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The fellow Italian and former Mapei teammate, does not want to see Tafi at the 2019 Paris-Roubaix on April 14.
“To Andrea I say, I hope you don’t race, you need to do something else in your life at 52 years old,” Bettini told La Gazzetta dello Sport.
Tafi said in October that he is looking for a team that will allow him to return and race Paris-Roubaix, which he won in 1999.
“It’s an impossible dream to return 20 years after winning? Maybe, but I want to try it,” said Tafi.
Tafi raced a 1.2 UCI-ranked event this July in Hungary. He placed 37th in the V4 Special Series Debrecen-Ibrany.
“He’s gaining media attention with this,” Bettini added in the interview Wednesday.
“It’d be better to think about leaving the place open to a younger rider. Doing it this way, he’s stealing someone’s spot.”
Tafi already put his name in the UCI anti-doping testing pool so that he will be able to race again assuming a team hires him. He wants to race the famous French cobbled monument and maybe a few races beforehand, but not the entire season.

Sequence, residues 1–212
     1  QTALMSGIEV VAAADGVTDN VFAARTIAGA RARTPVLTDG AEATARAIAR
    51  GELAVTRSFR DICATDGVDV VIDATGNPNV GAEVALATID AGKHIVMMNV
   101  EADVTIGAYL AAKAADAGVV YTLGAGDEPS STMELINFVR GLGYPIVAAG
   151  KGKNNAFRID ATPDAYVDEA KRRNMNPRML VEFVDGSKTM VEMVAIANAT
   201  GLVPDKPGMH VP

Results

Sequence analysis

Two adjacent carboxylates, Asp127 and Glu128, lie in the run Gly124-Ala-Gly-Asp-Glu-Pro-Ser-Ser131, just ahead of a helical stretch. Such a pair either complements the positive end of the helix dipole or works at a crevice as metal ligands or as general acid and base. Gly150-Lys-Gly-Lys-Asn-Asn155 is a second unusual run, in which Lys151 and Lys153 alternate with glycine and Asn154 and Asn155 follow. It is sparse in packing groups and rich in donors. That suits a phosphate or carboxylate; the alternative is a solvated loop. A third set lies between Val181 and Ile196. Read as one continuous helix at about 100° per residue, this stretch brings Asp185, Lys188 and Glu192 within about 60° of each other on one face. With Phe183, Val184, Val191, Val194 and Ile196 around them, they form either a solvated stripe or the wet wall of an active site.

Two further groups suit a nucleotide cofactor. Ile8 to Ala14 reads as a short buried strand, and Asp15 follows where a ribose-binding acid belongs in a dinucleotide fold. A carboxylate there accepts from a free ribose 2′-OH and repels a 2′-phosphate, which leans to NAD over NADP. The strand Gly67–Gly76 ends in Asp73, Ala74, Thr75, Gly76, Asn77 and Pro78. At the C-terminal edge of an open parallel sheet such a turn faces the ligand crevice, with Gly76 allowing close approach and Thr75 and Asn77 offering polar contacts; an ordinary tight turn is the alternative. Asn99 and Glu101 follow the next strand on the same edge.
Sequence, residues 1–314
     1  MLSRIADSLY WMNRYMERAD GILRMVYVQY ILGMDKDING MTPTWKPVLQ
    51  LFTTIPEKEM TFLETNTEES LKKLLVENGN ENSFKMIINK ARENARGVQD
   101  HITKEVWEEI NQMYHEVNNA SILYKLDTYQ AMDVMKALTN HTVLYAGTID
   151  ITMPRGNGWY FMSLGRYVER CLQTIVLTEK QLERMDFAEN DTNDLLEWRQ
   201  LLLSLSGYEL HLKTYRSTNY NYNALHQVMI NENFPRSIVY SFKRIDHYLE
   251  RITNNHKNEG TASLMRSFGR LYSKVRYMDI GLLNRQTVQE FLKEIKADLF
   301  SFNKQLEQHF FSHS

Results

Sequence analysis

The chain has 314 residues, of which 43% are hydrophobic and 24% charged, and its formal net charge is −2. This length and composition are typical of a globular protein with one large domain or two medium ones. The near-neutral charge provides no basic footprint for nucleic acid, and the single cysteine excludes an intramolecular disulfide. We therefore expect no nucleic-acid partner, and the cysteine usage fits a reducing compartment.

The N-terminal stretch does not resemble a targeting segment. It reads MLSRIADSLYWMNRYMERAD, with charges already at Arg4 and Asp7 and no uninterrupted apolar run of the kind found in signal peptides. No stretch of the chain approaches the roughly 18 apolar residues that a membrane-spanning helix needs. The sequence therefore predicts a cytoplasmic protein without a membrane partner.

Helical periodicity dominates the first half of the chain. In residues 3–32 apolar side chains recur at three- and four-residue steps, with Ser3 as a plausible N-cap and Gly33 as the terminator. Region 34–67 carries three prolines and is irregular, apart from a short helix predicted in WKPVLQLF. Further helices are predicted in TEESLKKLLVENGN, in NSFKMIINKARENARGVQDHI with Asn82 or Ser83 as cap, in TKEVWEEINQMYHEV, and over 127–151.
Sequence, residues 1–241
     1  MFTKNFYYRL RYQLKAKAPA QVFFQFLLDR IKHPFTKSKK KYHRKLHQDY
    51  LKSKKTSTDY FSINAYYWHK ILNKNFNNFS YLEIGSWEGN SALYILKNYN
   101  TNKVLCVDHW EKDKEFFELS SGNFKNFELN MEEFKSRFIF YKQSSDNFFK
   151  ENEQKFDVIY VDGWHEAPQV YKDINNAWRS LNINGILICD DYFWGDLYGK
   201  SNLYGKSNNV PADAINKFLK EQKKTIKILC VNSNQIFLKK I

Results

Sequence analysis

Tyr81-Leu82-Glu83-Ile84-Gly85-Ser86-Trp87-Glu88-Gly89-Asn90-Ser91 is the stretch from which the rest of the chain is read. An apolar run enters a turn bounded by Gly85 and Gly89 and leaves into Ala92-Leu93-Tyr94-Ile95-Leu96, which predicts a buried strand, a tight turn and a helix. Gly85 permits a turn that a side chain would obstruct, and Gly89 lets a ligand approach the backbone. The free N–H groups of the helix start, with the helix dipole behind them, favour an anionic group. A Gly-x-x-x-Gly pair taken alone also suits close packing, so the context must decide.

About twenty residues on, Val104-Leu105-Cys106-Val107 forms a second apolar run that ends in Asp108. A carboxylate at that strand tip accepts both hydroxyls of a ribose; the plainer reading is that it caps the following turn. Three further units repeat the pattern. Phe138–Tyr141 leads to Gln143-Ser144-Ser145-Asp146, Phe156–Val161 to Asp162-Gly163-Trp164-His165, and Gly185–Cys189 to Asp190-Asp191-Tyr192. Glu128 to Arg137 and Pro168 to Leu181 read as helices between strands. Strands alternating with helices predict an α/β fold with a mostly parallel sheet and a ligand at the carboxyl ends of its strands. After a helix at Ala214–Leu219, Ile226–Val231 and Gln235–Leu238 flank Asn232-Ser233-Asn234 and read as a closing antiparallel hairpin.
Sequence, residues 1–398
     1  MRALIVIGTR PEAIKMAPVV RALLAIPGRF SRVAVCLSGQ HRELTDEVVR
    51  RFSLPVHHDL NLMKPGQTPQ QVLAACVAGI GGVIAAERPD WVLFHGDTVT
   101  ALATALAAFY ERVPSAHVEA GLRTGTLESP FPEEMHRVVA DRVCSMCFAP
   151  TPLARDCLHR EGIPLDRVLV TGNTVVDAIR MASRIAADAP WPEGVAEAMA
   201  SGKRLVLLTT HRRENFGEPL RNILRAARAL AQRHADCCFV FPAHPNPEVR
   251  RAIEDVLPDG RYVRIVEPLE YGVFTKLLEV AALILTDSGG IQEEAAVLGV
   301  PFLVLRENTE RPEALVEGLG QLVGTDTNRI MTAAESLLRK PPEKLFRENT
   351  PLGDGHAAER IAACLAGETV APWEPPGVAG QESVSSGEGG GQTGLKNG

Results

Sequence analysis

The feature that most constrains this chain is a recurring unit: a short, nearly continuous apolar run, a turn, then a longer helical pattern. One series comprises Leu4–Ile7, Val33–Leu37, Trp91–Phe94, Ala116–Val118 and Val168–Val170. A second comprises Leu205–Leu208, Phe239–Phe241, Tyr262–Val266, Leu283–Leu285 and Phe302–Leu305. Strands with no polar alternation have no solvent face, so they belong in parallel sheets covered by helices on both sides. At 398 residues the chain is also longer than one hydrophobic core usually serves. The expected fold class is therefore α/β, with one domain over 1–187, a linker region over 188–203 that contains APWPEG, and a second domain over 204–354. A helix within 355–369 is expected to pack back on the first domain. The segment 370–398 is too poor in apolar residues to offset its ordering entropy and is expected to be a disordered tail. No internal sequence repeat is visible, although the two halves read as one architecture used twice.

The Tuscan is about 175lbs and still rides 11,000 to 12,000 miles each year. His last professional year was 2005 when he finished his career with 42nd in Paris-Roubaix.
He would need to sign with one of the 18 WorldTour teams with guaranteed starts in the race or one of the Professional Continental teams with likely wildcard invitations. Teams are reportedly interested, including the Dimension Data team of Mark Cavendish.
If he fails to find a team, he said that he would race the amateur event. Either way, he intends to document the entire experience on social media for an eventual documentary film.
Bettini ended his career in 2008. He collected two world championship wins and monuments Milano-Sanremo, Liège-Bastogne-Liège, and the Giro di Lombardia. He said that he has no intention of making a return.
“I did a test the other day, producing a peak of 375 watts at a 166 heart rate,” 44-year-old Bettini explained.
“I’m an ambassador for different companies and I have fun riding with their clients. I ride when I want, no way am I going to go out three times a week.”
Bettini took over the Italian national team and directed it for three and a half years after Franco Ballerini died. He left to help Formula 1 driver Fernando Alonso start a cycling team, but Alonso hit the brakes on the project and Bettini has yet to return to top-level cycling.